Meet Brandy L. Henderson, Paralegal to Mario J. Zappia. Brandy has been working with Mario for 7 years and handles all types of family law cases with special emphases in estate planning, estates , guardianships, and adoptions. She also maintains a corporate client collection account.
As the senior paralegal of the team, Brandy is the go-to person for help with anything from office décor to key word research techniques. She has a great passion for her clients and will always take the few extra minutes to make sure our client understands each step in the process. Brandy will always provide helpful insight for her clients to help them
Brandy’s love for the paralegal profession is well known amongst her colleagues and friends as well. As a member of the Michiana Paralegal Association, she has serve
d as the NFPA Primary Representative for the past three years where she has been blessed to travel to places such as Oregon, Vermont, Louisiana and even Hawaii. Brandy has just been elected President of MPA and is gearing up for this next chapter. She is also a member of the St. Joseph County Bar Association and plans on certification in the near future.
Brandy is also on the Board of Directors as the legal liaison for Kingdom Building International Ministries, a local outreach program in the community. She helps clients by providing direction to legal resources for those needing help with things like child support, reinstatement of driver’s licenses, expungements of records, and more. Her goal is to help those who want to become self-sustaining in our community. Brandy participates in KBIM’s backpack distribution and Toys for Tots programs every year as well.
Brandy’s number one passion and priority is her family. For the last 25 years, Brandy has had the most important role of Mom of three and ‘Mom of the House’ for nine more. This has taught her patience and organization like none other. With only the youngest, Daelin, 14, left at home, her daily schedule is not so hectic leaving Brandy to enjoy a new passion, being Nana BB to her grandson, Ronen, who just turned 1.When Brandy isn’t in professional meetings or spending time with family, she is working with her dogs, crafting or discovering new DIY projects.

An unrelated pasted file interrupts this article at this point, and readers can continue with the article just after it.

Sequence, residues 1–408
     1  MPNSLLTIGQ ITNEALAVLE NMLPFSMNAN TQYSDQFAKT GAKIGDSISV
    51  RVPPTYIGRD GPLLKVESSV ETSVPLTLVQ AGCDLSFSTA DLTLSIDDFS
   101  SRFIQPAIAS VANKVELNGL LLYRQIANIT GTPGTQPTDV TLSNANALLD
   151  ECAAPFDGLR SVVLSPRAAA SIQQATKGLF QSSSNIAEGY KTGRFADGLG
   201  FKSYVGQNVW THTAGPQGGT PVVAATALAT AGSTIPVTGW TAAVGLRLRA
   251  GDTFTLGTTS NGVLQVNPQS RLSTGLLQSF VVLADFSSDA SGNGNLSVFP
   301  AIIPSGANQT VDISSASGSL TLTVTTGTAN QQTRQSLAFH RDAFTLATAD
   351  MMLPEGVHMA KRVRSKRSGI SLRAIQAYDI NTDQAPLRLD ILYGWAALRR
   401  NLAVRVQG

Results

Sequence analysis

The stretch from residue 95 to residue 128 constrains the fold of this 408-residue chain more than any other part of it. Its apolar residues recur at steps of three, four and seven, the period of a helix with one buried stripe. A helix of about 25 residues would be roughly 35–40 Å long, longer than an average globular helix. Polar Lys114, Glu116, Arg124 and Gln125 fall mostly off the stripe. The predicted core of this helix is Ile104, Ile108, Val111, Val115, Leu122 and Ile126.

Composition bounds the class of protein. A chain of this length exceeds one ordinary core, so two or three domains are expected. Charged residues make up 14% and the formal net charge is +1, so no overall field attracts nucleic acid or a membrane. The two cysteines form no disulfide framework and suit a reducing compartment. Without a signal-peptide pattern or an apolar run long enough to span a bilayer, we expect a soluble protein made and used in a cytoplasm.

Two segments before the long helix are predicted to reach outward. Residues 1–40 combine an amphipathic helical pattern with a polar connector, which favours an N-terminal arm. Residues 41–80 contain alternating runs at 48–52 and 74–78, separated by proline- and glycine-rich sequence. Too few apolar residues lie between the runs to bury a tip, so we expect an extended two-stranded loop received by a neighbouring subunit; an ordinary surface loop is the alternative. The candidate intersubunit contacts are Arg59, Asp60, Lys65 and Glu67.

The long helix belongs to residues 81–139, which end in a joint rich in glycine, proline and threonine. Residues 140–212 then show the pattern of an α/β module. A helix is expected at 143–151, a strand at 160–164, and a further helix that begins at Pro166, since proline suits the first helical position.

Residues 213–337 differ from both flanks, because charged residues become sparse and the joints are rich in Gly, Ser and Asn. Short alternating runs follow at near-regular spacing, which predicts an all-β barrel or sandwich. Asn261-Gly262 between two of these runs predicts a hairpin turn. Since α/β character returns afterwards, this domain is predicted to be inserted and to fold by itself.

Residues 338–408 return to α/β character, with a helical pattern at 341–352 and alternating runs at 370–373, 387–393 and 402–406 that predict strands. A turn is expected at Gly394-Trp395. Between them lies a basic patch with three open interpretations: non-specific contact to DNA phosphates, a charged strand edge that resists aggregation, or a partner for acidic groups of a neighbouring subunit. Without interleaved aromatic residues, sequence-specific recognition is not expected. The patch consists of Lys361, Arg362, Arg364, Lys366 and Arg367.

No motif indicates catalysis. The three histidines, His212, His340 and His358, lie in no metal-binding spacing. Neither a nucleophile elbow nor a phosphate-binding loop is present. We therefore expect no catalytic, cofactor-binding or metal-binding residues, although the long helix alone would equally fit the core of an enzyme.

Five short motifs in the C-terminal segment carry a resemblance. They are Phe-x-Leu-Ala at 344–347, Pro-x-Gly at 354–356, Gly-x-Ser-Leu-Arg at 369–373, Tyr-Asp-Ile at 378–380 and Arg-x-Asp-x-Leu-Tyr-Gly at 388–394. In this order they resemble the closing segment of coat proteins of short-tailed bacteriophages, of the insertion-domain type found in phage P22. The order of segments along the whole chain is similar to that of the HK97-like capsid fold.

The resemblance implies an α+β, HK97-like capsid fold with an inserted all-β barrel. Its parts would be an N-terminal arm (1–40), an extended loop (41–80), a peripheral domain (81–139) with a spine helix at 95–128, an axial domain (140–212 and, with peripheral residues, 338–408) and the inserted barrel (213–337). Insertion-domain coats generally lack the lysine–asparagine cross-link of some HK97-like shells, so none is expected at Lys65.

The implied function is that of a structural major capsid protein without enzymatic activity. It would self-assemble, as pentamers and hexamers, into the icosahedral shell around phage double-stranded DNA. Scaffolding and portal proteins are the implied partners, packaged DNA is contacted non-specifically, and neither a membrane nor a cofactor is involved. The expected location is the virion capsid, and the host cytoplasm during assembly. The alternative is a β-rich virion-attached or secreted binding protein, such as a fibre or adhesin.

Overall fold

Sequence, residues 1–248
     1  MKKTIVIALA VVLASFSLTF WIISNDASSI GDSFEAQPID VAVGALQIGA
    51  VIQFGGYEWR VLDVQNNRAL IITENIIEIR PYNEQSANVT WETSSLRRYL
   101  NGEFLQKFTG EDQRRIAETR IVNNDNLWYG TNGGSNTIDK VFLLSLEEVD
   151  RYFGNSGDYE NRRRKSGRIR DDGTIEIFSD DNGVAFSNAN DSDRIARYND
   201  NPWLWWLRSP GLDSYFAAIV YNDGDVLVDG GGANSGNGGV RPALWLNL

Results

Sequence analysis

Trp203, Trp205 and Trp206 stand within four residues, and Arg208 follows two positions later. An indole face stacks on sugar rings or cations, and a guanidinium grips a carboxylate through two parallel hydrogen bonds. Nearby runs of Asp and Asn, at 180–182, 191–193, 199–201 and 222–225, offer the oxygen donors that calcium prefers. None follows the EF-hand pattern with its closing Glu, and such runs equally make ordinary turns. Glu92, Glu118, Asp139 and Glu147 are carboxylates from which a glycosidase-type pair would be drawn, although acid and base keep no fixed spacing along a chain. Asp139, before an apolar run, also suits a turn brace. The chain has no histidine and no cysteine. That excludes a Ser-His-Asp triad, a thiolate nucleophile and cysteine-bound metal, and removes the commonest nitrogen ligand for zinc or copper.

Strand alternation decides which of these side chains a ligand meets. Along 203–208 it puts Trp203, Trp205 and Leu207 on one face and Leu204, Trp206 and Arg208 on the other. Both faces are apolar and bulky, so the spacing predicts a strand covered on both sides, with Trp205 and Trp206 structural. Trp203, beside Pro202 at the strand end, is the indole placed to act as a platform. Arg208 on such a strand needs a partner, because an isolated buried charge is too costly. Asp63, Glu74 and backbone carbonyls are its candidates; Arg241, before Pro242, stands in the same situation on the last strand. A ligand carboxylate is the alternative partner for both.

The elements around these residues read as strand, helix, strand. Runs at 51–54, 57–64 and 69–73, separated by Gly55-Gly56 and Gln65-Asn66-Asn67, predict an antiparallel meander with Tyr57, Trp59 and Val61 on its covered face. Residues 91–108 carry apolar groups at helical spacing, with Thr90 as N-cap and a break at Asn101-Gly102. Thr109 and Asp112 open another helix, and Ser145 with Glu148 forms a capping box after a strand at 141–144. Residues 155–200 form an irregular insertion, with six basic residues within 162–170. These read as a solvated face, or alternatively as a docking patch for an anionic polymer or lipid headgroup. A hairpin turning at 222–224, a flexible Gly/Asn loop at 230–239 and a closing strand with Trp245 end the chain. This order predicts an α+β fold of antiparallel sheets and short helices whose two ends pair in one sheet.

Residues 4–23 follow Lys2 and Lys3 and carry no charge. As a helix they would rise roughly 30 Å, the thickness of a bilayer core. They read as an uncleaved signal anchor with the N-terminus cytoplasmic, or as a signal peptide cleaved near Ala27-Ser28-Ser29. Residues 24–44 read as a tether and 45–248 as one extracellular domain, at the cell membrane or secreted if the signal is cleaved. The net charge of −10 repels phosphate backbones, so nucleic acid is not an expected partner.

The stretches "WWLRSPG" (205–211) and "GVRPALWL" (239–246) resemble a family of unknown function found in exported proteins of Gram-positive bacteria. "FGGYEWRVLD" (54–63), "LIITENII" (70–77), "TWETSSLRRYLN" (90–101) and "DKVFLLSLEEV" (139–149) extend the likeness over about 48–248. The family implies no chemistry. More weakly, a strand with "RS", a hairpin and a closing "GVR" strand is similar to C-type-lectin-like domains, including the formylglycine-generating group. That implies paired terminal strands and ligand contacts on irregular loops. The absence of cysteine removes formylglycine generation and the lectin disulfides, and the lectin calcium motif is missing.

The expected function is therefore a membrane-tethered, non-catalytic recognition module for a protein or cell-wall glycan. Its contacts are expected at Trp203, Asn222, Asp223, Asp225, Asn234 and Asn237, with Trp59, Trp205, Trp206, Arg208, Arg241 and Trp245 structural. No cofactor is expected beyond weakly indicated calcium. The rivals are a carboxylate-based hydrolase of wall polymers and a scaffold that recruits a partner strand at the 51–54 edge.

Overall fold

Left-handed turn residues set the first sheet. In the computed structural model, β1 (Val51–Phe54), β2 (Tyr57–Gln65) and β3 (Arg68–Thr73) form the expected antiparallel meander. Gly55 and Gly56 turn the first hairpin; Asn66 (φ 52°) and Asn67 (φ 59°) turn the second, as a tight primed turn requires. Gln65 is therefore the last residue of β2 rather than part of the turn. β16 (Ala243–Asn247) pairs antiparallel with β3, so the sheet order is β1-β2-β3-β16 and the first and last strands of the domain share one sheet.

If you have ever called or visited the Mario J. Zappia Law Office, you have probably met my paralegals. For those that have not, meet Jessica.
Jessica has been working as one of my two paralegals for the last year. As a paralegal, she acts as a legal administrative assistant to me, providing legal research, scheduling appointments, drafting documents, maintaining client files and taking calls. Jessica also takes care of billing and collections, as well maintaining our social media presence and blog here on Zappialaw.com.
Attorney Mario J. Zappia and Paralegal Jessica Ribaudo
Jessica is the mother of two children, Serafina age 12, and Vincenzo, age 1. You may have seen one or both of them around the office. Serafina is on the autism spectrum and has given Jessica the drive to understand and help people and their families who live with autism and varying other abilities. Having spent considerable time at South Bend’s Sonya Ansari Center for Autism when Serafina attended their adolescent program, Jessica was pleased to connect with the staff and other families. She found the common goal for staff and families alike was to enrich the lives of autistic adolescents, and to celebrate their differences. Jessica continues to bring that outlook on disability to work with her every day when working with families touched by autism and other neuro-atypical abilities.
Jessica maintains a presence in the civic and social activism community of South Bend, Indiana. If there is a community event on women’s rights, the rights of the disabled, the rights of people of color, and the rights of the LGBTQ community, you will likely see Jessica there.
When she is not busy as a wife, mom, and paralegal, Jessica enjoys visiting local brewpubs with her husband, Pete, playing Old Time Appalachian music on her fiddle, hitting the weight room and catching up on Netflix!
What is a deal breaker? A deal breaker is a list of disqualifications in a partner.
On the Mario J. Zappia Attorney at Law Facebook page last week, we talked about infidelity and it’s status as a deal breaker. While some people are able to write off infidelity, most agreed that infidelity is a deal breaker.
What are some other common relationship deal breakers?
- differing values
- imbalanced sex drive
- lack of agreement in having children
- drug/alcohol problem
- anger problem/abusive
While it’s true that this list is subjective, as humans we are designed to weed out partners that could be deemed as unsafe. We find safety in going with a partner who has the fewest negative traits.
Studies also show that even people with some fairly optimal traits (good looks, intelligence) can have trouble maintaining relationships because their good traits are heavily eclipsed by their bad traits (impulsivity, lack of ambition)
What are some of your relationship deal breakers?